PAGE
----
This is a perfect embodiment of Annie Dillard’s wisdom about writing and life: “Spend it all, shoot it, play it, lose it, all, right away, every time. Do not hoard what seems good for a later place… give it, give it all, give it now… Something more will arise for later, something better.”
In my limited experience with improv, I’ve found it to be a very now-focused practice. If you have an idea, use it, don’t save it. If you have an impulse to act, do it. I guess there are some of you out there who come by this naturally and maybe need to learn to restrain yourselves more. But I bet many readers of this blog are like me, wanting to keep a little bit of life in reserve because it makes us feel safe. That hoarding comes at a cost.
Life is relentless. I mean this in multiple senses of the word. Watney’s situation was unrelenting, requiring constant activity—planning, executing, testing, retrying. He had to be a botanist, a mechanic, a scientist a carpenter. He had to be vigilant against an alien planet that seemed determined to kill him. He could not stop.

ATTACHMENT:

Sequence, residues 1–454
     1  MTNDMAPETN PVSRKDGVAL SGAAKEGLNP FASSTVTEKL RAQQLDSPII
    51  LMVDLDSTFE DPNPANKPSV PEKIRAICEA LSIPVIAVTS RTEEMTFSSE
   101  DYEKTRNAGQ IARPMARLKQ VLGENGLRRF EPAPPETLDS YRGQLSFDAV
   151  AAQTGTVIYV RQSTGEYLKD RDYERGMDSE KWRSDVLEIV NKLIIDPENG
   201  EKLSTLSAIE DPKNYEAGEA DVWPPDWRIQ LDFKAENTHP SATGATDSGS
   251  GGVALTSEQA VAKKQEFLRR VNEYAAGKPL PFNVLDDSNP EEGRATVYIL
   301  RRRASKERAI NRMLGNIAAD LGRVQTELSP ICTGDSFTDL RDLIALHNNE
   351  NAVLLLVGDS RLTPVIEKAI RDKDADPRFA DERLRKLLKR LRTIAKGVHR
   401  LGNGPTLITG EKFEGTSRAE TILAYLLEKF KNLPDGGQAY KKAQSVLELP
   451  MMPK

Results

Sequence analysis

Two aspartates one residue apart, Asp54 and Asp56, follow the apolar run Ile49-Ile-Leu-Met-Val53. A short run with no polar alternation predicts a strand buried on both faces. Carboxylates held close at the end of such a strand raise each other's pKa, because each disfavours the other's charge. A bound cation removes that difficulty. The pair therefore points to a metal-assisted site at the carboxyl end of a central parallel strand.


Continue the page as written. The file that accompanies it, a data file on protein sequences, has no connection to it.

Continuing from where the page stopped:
But I also mean that the impulse toward life is very strong. The basic rule of improv is yes-and—to accept what the world offers and build on it. Even when he has no idea how he could possibly be rescued, Watney is determined to LIVE for as long as he can.
One of the most poignant parts of the book is when Watney talks about taking samples of Mars rocks and soil, labeling them, and storing them where he hopes they’ll be found someday.
Here’s a man who knows his chances of personal survival are slim. But he’s part of something beyond him. And he trusts and hopes that someday, people will return to Mars. It’s his duty and his honor to be a a part of that relentless lurch into the future, to the extent that he can.
Did you read The Martian? What lessons did you learn from it?
Subscribe to my email newsletter. Twice-monthly dispatches about what’s inspiring me and/or kicking my butt. Usually both.